How Direct-To-Consumer Brands Are Changing How We Shop Online

The Mighty Company

Over the past year or so, I've noticed a huge difference in the way I shop. I still go to brick-and-mortar stores and try things on when I have the chance, but more often than not, I end up buying things directly from the brand, with no middleman. This situation is called "direct-to-consumer," and it's changing how we shop online.

The direct-to-consumer business model is pretty self-explanatory; companies sell their products directly to the customer via e-commerce. Chances are, you've probably been involved with a direct-to-consumer brand, and to be honest, it doesn't look like they'll be going anywhere anytime soon. Think: Reformation, Glossier, Monogram, Everlane, and more.

I've always been a huge proponent of supporting local or small businesses. However, if you're like me, you've probably wondered about the business model and the process behind it. Jessie Willner, owner of The Mighty Company, and Ammara Yaqub, owner of Ammara NYC, spoke with me about why businesses are choosing this route in online retailing and how it affects shoppers and consumers.

"The direct-to-consumer business model at its most basic level means that the business sells its product directly to the consumer without a middle man," Yaqub tells me. "In the fashion industry, it means that wholesalers, such as department stores and independent boutiques, are no longer distributing the product and the brand sells directly to its consumers."

As online retailing first appeared from the fires of the age of The Internet, the ease and convenience of shopping from the comfort of your own home started to catch on. Now, it appears, everyone is shopping online — and you can buy just about anything; just take a look at Amazon. From this birthed the online version of fashion distributors like ASOS, Shopbop, Net-a-Porter, and others.

For many reasons, emerging designers have succeeded without a fashion distributor, and so far it's been working to the benefit of the generation they're catering most to: the internet-obsessed Millennial generation. Instead of having storefronts, the focus remains online.

"As a direct-to-consumer brand, your online presence is your main storefront and should be treated as such. You're able to see instantly what resonates and what doesn't," says Willner. "What you can improve upon internally and what is already effective, and you're able to analyze all of it in real time, which gives you the edge over getting reports from a physical retailer."

The direct-to-consumer model doesn't just mean sending clothes to the customer directly, but it also means that owners like Willner and Yaqub can have direct communication with their audience to know exactly what they need.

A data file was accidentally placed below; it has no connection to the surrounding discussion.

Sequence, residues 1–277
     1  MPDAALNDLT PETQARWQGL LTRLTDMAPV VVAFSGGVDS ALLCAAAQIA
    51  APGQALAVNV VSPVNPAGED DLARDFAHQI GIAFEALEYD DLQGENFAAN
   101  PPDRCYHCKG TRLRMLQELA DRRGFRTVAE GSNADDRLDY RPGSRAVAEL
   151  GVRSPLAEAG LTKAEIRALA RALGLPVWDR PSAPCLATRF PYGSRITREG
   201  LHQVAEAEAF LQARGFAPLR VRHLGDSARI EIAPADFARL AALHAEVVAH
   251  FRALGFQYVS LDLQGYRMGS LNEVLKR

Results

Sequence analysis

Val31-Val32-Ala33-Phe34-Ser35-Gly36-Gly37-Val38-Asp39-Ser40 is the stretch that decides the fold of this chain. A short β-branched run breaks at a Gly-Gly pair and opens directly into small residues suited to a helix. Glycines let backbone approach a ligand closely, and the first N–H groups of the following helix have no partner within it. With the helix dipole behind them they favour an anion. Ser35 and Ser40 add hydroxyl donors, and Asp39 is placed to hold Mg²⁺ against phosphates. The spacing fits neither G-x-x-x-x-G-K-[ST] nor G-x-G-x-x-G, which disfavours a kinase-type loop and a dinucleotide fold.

"The direct-to-consumer model for us is all about connecting directly with the woman on the other side of the experience and treating her right. It's really reminiscent of how most classic heritage brands started — with extreme focus on their relationship with the customer and how they receive their product," Willner says. As a shopper who has asked direct-to-consumer brands many a question, I can honestly say having this sort of access to the company is outstanding.

There's also a level of transparency that these types of companies, such as Everlane, have been pushing forward. For example, Reformation has now opened up its factory doors to the public. This way, customers know exactly what they're paying for. Most of these brands have a page on their website that share the types of materials used to make their clothing, as well as where they're made.

"In this current age, [the direct-to-consumer model] lets us take advantage of the lack of a middleman and give the margin back to our customer — so we are able to make a luxury item from the highest quality materials and actually price it honestly," Willner tells me. Selling products for honest prices is a trend among brands like these, which result in high-quality materials for a fair price, rather than raise the prices for their collections in order to gain back what was sold to distributors for wholesale prices.

Another trend you might see is permanent collections or specializing in a type of item, such as shoes or shirts. Rather than creating seasonal collections that aren't available until nearly six months before the customer can actually wear them, brands like The Mighty Company, who make jackets as part of the permanent collection, or Ammara NYC, who only create shirts, have their items ready for their customers now. This way, you're able to get the items you want as soon as possible, and wear them in the current seasons.

"I decided to shift the focus away from a full collection to shirts and take my business entirely online. The decision to go online, direct-to-consumer and eliminate the wholesale channel, was driven by my desire to provide the customer with designer-level product at a much lower price point," says Yaqub.

This shift doesn't come as a surprise with the rise of slow and sustainable fashion. According to Moody's, apparel sales will increase six to eight percent in 2017 alone, led by direct-to-consumer brands. Overall, the report states that e-commerce will gain momentum for fashion brands, with more and more people using apps, phones, and any other mobile devices in their possession to buy their clothes. Some brands have even worked with platforms like Facebook Messenger to create a more personal experience for the consumer.

Direct-to-consumer shopping is only getting stronger, and in my opinion, it's a win-win scenario for both the brand and the customer. By shopping and supporting this model, not only will you be supporting an independent business, but you'll also be getting well-made pieces at honest and fair prices, from the comfort of your couch. What's not to love about that?